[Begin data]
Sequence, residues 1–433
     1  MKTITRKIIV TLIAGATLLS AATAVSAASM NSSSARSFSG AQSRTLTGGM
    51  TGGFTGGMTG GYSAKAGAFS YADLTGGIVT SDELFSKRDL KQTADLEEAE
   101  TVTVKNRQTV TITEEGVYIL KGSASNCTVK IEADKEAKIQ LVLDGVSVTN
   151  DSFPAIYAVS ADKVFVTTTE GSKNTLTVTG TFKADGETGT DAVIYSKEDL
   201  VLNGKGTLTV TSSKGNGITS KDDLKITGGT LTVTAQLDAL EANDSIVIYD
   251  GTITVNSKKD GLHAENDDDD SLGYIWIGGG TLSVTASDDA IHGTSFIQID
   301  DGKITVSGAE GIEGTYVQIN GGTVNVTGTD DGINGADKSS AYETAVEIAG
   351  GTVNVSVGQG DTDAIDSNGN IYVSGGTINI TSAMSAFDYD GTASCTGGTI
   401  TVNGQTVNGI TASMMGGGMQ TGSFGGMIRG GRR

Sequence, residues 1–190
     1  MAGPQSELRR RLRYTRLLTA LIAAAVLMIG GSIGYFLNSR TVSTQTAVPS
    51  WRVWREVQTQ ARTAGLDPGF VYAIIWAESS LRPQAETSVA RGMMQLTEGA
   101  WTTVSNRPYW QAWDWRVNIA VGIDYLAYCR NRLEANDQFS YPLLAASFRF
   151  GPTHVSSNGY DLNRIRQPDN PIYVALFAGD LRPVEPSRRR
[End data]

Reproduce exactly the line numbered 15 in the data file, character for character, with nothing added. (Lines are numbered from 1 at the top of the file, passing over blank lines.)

   151  GPTHVSSNGY DLNRIRQPDN PIYVALFAGD LRPVEPSRRR